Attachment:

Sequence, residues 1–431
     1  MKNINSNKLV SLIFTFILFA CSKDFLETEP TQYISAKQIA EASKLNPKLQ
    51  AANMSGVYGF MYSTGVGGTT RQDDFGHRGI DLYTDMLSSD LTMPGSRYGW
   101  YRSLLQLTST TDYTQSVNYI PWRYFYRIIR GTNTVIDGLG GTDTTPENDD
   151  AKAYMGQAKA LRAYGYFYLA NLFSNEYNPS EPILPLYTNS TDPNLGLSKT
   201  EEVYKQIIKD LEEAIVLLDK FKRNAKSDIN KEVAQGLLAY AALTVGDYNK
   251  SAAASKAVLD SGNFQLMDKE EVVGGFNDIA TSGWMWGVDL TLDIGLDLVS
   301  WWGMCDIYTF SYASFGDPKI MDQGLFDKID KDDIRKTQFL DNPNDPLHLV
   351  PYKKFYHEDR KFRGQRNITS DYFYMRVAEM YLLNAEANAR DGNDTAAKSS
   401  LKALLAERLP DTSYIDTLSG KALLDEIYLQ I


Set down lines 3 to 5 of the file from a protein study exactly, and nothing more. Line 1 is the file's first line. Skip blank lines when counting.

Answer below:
    51  AANMSGVYGF MYSTGVGGTT RQDDFGHRGI DLYTDMLSSD LTMPGSRYGW
   101  YRSLLQLTST TDYTQSVNYI PWRYFYRIIR GTNTVIDGLG GTDTTPENDD
   151  AKAYMGQAKA LRAYGYFYLA NLFSNEYNPS EPILPLYTNS TDPNLGLSKT